Composer Michael Torke’s new symphonic work, “Unconquered,” is a rousing, bright celebration of the American spirit, a worthy successor to the popular patriotic salutes of Morton Gould. And yet it does not fall into the typical trappings of Red, White & Blue melodies.
Torke’s piece is based in part on the fall, 1777 Saratoga campaign, a turning point in the Revolutionary War. After the Battles of Saratoga, the French allied themselves with the colonists, sensing momentum on the American side. Torke opens his symphony with a movement called “Summon,” which takes a brass fanfare and trades the melody to the strings and winds. The phrases begin to overlap, and I’m reminded of another work by Torke, “December,” which gives the aural illusion of snow and sleet falling through a similar device. Here, the patterns work together as if a great gathering of forces was being assembled.
The second movement, “Dawn,” is the sound of a new day; “Advance” is bright even in its depiction of bravery amidst the chaos of battle, and finally the work ends with “Liberty,” a piece defined not by the clanging of bells, but by swelling brass, as if there has been a great awakening. Altogether, the piece runs about 25 minutes.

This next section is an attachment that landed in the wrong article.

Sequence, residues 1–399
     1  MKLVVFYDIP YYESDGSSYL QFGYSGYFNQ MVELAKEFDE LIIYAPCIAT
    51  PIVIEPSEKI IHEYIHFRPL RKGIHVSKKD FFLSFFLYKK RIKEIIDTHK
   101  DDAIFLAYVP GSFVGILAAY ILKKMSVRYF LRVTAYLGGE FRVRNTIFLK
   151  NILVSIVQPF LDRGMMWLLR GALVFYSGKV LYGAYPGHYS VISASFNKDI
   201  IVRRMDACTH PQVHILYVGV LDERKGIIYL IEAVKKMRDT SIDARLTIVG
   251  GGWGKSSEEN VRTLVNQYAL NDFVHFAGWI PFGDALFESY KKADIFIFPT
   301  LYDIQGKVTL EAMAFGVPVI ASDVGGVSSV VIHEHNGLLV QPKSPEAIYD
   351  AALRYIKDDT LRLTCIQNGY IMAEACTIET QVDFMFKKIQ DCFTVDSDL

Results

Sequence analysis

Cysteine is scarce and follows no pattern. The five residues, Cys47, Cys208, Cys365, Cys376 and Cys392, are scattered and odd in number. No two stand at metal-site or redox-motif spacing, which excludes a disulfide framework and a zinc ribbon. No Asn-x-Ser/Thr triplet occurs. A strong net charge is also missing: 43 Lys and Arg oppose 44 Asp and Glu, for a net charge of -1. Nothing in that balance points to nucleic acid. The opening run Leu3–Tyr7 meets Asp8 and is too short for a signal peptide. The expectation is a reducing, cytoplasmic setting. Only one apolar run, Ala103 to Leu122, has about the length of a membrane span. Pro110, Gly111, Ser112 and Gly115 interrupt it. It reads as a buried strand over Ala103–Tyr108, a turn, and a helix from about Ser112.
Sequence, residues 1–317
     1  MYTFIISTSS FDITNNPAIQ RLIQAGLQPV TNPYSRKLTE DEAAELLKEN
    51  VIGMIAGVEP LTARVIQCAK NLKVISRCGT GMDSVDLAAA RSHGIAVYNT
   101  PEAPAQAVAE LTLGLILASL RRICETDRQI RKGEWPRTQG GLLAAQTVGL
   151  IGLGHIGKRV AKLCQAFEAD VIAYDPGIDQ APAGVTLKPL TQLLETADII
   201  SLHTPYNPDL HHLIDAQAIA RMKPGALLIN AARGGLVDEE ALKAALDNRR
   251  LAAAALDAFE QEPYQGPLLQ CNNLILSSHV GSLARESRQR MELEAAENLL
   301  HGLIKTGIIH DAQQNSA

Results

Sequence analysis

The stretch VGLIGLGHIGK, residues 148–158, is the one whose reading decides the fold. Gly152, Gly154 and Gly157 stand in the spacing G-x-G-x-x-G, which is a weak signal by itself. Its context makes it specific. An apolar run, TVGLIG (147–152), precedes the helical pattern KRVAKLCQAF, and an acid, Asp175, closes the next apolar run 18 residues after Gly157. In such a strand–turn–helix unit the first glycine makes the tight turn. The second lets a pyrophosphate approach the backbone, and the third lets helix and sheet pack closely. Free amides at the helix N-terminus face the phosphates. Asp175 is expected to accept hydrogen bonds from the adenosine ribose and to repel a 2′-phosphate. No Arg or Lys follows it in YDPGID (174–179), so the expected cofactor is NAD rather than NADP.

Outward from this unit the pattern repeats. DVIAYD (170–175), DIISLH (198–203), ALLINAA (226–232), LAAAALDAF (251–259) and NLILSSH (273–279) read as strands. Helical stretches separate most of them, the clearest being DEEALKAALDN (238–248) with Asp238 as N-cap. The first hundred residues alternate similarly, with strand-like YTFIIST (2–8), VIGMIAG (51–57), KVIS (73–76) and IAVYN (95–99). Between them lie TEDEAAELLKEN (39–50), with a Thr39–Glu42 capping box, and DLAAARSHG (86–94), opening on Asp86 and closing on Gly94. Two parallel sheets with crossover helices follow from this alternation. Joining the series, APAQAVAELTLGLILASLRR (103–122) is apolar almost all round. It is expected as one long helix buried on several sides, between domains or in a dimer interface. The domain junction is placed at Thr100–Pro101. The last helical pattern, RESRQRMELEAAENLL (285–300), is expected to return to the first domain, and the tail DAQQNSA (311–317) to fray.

In his liner essay accompanying the EP release, composer Michael Torke writes:
“To write a piece of music inspired by the ideals of the Revolutionary War would be seen as a natural response in the 19th century, but a dubious one in the 21st. Nevertheless, doing so is hardly a political act. For me, it comes from a love of history and a regard for the aspirational. It is not inherently xenophobic or chauvinistic to feel pride in a country established on principles that value life, liberty, and the pursuit of happiness—a nation where, if an artist wants to express something, he is not hindered.”
That Torke even felt the need to include such a statement is telling of the times we live in. But elsewhere in the same essay, he makes an important point; there is a difference between pride and ethnocentrism. This music makes me feel the former. Listening to “Unconquered” brings to mind images of our beginnings as a nation, and the dreams of a more perfect union for which we continue to strive toward, nearly 250 years later.